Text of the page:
New Deal Dbq

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During Great Depression, desperation led to drastic actions being taken by the Roosevelt administration. The resulting set of policies changed the government’s role in American life for the rest of the century. The New Deal greatly increased government involvement in the economy through regulatory agencies like the SEC, FDIC and TVA. It also introduced radical relief / welfare programs like Social Security, CCC and FERA, setting an expectation of government aid in times of need. The New Deal introduced programs like the SSA, CCC and FERA, which set a precedent in which the government would provide free aid during times of need. In the depression, as families struggled to support older generations and invalids, the Social Security Administration promised seniors and disabled citizens …show more content…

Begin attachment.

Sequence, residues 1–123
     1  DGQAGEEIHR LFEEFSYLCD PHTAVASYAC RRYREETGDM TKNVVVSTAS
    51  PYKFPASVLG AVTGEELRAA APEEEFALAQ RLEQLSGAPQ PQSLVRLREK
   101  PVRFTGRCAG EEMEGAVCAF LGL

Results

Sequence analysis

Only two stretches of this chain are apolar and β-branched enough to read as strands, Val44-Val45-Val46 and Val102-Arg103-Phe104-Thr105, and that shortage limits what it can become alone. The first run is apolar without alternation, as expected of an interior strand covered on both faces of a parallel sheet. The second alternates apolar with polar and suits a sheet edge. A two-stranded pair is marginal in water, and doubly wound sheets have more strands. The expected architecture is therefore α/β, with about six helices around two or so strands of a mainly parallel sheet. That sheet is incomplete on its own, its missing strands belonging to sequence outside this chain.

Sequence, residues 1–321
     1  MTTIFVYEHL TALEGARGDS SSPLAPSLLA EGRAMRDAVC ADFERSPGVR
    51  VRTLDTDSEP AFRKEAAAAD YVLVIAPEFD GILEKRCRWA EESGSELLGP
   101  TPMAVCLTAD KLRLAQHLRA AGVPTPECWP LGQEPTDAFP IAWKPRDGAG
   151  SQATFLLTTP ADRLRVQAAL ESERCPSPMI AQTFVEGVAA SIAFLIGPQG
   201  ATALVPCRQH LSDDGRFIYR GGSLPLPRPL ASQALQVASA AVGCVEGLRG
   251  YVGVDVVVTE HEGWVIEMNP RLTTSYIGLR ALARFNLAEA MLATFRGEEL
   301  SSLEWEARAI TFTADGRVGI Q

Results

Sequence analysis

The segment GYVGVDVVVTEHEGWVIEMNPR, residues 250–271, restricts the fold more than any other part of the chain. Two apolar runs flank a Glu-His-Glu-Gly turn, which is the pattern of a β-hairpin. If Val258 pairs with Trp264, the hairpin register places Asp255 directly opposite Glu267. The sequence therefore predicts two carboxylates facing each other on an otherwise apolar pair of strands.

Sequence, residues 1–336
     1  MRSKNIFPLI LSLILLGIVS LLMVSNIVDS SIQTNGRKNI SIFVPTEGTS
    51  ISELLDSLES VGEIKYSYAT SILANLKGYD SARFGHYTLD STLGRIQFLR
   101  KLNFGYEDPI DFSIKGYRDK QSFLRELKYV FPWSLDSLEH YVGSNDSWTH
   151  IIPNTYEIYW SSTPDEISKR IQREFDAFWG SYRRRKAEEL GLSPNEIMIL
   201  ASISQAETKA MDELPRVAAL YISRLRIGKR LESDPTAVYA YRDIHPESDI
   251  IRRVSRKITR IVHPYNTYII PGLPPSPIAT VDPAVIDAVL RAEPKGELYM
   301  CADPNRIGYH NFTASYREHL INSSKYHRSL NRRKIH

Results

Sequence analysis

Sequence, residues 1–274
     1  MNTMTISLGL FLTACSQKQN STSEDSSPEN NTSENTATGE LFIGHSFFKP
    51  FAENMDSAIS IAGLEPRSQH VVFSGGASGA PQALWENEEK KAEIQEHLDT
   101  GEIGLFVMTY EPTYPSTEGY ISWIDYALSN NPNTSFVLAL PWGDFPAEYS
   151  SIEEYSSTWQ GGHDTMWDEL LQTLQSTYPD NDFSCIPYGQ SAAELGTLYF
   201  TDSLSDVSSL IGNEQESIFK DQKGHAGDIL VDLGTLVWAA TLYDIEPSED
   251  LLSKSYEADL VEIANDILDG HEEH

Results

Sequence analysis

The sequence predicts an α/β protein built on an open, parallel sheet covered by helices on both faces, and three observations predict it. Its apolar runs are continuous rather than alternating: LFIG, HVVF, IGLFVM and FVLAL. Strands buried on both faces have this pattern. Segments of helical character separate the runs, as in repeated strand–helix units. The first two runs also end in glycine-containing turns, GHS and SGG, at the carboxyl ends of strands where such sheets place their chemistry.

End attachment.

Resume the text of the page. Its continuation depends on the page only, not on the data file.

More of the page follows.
The Securities & Exchange Commission, for example, was created to regulate wall-street, investing and the stock market in order to prevent another crash. This agency enforced laws that were previously ignored by the investors / companies, a departure from the strictly “laissez-faire” government philosophy of old. Another agency, the FDIC, was created as a response to the many failing banks of the depression. As a secure bank, the FDIC protected its users (and by extension the economy) from ruin by not making risky investments with their money. This commission reflects the government’s increased involvement in government as a result of the New Deal. The New Deal also introduced the Tennessee Valley Authority, which built hydroelectric dams in the Tennessee valley to provide rural inhabitants with cheap power. It was criticized for introducing unfair competition. Nonetheless, it continues to operate today as a government-backed business. By introducing these programs, the New Deal drastically increased government participation in the economy, changing its role in America for decades to

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